It was gorgeous!

We stopped. We ate a picnic. We stripped down and dipped into emerald mountain waters.
It’s likely that these boys will complete many mountain trails in their lifetime. At some point, this one will seem easy to them. But within that day; with knowledge of their season and progress; it was something to be commended.

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6.       Don’t neglect the descent

Hours had passed hiking and picnicking and it was time to head back. Jeremiah seemed baffled. “Where are we going?!” (yes, he asks everything with both a question mark AND an exclamation mark). “Back to the van,” we replied.
For the first time, my children had a slight picture that life didn’t exist solely of mountain tops and that there is a physical rhythm to The path. For that moment, it meant back tracking and working through tough trail points with less energy and no allure of a mysterious destination. For other days, it would mean, “This was fun, and now we clean up. This was exciting, and now it’s time for bed.” It is between the mountains that we find our green pastures.

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7 There are times to be carried.

At a couple months shy of three, this was Knightley’s first real excursion. As he puffed and breathed and reached, we were so proud. And then…he was done. Sitting in the midst of boulders, with tears streaking dust, he expressed his need for help. I watched as Jeremy listened, encouraged, challenged…and then scooped up his son and carried him close for the duration of the descent. A thorough and honest effort had given way to a thorough and honest need for strength beyond his own, and his Papa was so very blessed to be the one present.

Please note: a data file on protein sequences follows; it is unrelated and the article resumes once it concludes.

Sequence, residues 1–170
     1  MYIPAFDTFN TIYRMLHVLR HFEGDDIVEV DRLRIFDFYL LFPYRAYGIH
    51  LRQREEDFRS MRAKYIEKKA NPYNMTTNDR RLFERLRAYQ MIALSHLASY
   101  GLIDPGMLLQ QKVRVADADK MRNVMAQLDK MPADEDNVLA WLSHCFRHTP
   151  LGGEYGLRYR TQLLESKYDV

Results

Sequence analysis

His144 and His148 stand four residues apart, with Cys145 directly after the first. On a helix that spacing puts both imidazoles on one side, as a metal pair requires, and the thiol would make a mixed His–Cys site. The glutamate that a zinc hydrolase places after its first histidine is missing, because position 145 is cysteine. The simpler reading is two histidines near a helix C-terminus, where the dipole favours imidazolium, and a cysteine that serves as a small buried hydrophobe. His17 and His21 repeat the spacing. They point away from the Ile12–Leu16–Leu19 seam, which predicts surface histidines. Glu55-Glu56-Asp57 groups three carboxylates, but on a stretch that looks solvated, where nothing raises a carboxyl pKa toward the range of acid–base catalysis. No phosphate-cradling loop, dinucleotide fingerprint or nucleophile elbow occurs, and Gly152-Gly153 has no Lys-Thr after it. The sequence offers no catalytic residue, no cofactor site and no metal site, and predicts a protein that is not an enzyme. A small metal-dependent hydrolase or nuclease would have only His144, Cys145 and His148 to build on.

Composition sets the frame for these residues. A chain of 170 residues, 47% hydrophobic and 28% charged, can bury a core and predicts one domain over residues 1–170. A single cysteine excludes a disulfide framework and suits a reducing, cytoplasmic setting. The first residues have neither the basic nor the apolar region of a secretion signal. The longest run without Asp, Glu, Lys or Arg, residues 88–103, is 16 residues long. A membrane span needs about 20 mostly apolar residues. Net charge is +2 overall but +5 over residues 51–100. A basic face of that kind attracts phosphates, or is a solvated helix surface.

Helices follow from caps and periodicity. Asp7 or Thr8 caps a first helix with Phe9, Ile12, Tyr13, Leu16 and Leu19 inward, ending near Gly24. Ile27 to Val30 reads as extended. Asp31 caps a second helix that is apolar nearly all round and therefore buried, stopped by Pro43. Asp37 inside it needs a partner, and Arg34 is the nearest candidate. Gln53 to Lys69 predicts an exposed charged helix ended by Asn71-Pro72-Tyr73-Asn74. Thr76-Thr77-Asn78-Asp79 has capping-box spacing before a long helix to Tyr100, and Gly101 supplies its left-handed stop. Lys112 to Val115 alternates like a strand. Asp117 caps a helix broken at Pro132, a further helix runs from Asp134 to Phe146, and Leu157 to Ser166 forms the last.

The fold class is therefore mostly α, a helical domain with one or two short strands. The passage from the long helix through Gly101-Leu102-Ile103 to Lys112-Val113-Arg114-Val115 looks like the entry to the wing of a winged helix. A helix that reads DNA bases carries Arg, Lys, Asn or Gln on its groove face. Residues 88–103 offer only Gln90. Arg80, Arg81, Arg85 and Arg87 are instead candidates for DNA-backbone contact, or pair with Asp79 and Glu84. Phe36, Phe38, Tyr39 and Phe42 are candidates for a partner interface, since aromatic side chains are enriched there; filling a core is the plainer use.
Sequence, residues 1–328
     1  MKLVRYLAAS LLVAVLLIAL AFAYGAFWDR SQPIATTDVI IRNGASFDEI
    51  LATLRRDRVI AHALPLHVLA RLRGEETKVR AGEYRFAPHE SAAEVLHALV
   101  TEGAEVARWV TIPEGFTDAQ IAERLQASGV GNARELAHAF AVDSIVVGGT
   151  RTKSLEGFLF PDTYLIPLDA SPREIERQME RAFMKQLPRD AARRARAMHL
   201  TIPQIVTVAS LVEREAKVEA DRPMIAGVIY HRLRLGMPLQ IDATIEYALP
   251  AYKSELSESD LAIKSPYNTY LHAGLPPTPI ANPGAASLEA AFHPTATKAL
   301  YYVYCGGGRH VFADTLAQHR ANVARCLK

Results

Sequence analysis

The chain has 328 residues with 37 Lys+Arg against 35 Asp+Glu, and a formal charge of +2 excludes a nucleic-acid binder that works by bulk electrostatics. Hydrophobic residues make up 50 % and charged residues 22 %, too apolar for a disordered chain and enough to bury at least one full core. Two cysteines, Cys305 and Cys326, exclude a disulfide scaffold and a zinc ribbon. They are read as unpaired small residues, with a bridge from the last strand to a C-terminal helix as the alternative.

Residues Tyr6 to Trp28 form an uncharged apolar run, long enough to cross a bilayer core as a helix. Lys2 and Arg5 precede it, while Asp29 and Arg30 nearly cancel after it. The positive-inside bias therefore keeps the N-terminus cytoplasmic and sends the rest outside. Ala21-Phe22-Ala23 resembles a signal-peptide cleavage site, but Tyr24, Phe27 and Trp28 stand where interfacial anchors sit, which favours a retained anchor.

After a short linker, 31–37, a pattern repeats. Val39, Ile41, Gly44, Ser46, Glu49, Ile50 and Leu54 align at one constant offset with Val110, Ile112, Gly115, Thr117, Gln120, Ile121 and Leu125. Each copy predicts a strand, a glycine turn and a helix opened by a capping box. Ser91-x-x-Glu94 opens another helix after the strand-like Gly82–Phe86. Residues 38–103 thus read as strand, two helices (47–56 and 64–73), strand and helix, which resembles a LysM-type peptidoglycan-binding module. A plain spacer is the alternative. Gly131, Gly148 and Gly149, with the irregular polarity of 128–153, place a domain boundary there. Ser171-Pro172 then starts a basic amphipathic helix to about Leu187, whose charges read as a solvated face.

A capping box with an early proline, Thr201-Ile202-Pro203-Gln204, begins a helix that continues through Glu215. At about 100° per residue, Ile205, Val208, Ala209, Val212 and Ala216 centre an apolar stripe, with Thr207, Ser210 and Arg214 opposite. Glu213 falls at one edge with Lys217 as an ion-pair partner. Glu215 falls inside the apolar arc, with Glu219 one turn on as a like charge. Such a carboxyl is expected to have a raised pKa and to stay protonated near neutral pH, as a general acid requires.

There are times to be carried. Our children are not a burden. They are a gift and we are called to carry them with joy.

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I felt so fortunate to be present with my family that day on the mountain. Participating in their struggles and triumphs and creating memories as a family was such a gift. I carry these mountain memories with me now as we enter autumn. The thrill of new beginnings will soon be frosted with early nights and the lull of the mundane. I pray I will remember that we are always journeying; mountain top or vale; that each step is an opportunity and that we are exceptionally blessed to be present with our children.

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Comments
3 Responses to “Uphill Parenting”
  1. kitgonzales says:

    I love this! What an experience! 🙂

  2. Kmarie says:

    Great experience! And such beauty! Funny, I wrote a bit about parenting today too before I read here!:)
    Enjoy the autumn coming:)